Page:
8085 Machine Cycle

8085 Machine Cycle:

The seven 8085 Machine Cycle are :

  1. Opcode Fetch
  2. Memory Read
  3. Memory Write
  4. I/O Read
  5. I/O Write
  6. Interrupt Acknowledge
  7. Bus Idle

1.Opcode Fetch Cycle :

The first machine cycle of every instruction is opcode fetch cycle in which the 8085 finds the nature of the instruction to be executed. In this machine cycle, processor places the contents of the Program Counter on the address lines, and through the read process, reads the opcode of the instruction. Fig. 1.15 (a) (See Fig. on next page) shows flow of data (opcode) from memory to the microprocessor and Fig. 1,15 (b) shows the timing diagram for opcode fetch machine cycle. The length of this cycle is not fixed. It varies from 4T states to 6T states as per the instruction. The following section describes the opcode fetch cycle in step by step manner.

Step 1 : (State T1) In T1 state, the 8085 places the contents of program counter on the address bus. The high-order byte of the PC is placed on the A8-A15 lines. The low-order byte of the PC is placed on the AD0 – AD7 lines which stays on only during T1. Thus microprocessor activates ALE (Address Latch Enable) which is used to latch the low-order byte of the address in external latch before it disappears.

In T1, 8085 also sends status signals IO/M, S1, and S0. IO/M specifies whether it is a memory or I/O operation, Si status specifies whether it is read/write operation; S1 and S0 together indicates read, write, opcode fetch, machine cycle operation, or whether it is in HALT state. In opcode fetch machine cycle status signals are : IO/M = 0, S1 = 1, S0 = 1.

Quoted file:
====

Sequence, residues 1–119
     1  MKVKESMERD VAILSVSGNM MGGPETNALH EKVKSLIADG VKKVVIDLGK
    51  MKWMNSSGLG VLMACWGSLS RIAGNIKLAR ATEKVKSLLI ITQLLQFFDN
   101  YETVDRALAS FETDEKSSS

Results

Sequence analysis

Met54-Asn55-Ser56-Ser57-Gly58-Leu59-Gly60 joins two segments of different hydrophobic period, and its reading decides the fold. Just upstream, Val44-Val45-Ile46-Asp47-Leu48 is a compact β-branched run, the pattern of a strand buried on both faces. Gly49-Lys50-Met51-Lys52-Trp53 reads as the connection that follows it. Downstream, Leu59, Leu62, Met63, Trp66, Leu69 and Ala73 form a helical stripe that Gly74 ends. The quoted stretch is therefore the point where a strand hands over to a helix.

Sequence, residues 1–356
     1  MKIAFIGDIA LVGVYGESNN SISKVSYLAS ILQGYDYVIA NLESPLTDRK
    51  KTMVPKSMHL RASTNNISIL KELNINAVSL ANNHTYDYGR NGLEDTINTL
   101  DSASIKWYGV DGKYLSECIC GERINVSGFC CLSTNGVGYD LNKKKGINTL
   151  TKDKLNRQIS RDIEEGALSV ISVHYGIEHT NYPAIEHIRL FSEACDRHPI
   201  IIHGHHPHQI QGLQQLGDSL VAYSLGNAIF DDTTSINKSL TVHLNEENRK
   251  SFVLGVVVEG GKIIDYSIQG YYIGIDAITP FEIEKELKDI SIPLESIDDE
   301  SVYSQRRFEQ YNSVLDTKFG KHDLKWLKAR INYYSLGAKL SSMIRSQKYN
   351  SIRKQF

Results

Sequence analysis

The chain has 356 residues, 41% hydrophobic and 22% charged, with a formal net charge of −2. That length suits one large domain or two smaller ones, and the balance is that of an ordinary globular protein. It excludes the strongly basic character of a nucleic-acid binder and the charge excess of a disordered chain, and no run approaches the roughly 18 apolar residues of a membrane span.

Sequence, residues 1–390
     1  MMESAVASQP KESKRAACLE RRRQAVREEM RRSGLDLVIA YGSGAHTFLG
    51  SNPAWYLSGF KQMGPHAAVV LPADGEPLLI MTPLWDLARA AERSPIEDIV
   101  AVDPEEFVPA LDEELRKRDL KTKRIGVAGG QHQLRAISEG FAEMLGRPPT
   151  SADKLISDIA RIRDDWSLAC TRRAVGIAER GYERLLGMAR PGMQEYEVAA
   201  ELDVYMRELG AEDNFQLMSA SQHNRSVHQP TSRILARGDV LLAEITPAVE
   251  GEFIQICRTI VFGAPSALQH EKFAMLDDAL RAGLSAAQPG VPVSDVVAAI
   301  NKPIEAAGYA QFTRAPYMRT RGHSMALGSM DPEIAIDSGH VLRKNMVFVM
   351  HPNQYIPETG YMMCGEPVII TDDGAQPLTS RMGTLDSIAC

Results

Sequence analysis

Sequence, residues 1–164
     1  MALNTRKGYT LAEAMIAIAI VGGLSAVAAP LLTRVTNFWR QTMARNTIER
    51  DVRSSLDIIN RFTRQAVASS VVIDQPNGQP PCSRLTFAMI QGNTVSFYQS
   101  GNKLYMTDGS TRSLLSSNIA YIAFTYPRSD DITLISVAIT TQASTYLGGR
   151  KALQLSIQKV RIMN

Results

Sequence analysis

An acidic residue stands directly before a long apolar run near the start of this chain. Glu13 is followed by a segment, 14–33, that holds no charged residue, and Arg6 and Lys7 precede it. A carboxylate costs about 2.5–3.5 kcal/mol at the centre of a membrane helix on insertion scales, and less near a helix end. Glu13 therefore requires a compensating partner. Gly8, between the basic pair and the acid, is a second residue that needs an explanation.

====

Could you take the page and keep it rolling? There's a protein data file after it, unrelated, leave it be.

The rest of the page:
8085 Machine Cycle

Step 2 : (State T2) In T2, low-order address disappears from the AD0 – AD7 lines. (However Ao – A7 remain available as they were latched during T1). In T2, 8085 sends RD signal low to enable the addressed memory location. The memory device then places the contents of addressed memory location on the data bus (ADo – AD7).

Step 3 : (State T3) During T3, 8085 loads the data from the data bus in its Instruction Register and raises RD to high which disables the memory device.

Step 4 : (State T4) In T4, microprocessor decodes the opcode, and on the basis of the instruction received, it decides whether to enter state T5 or to enter state T1 of the next machine cycle. One byte instructions those operate on eight bit data (8 bit operand) are executed in T4.

For example : MOV A, B, ANA D, ADD B, INR L, DCR C, RAL and many more.

Note : For one byte instructions which operate on eight bit data, data is always available in the internal memory of 8085 i.e. registers.

Step 5 : (State T5 and T6)

State T5 and T6, when entered, are used for internal microprocessor operations required by the instruction. During T5 and T6 8085 performs stack write, internal 16 bit; and conditional return operations depending upon the type of instruction. One byte instructions those operate on sixteen bit data (16 bit operand) are executed in T5 and T6. For example DCX H, PCHL, SPHL, INX H, etc.

2.Memory Read Cycle :

The 8085 executes the memory read cycle to read the contents of R/W memory or ROM. The length of this machine cycle is 3-T states (T1 – T3). In this machine cycle, processor places the address on the address lines from the stack pointer, general purpose register pair or program counter, and through the read process, reads the data from the addressed memory location. Fig. 1.16 (a) (See Fig. on next page) shows flow of data from memory to the microprocessor and Fig. 1.16 (b) shows the timing diagram for memory read machine cycle. Memory read machine cycle is similar to the opcode fetch machine cycle. However, they use only states T1 to T3, and the status signal values (IO/M = 0, S1 = 1, S0 = 0) appropriate for memory read machine cycle are issued in T1.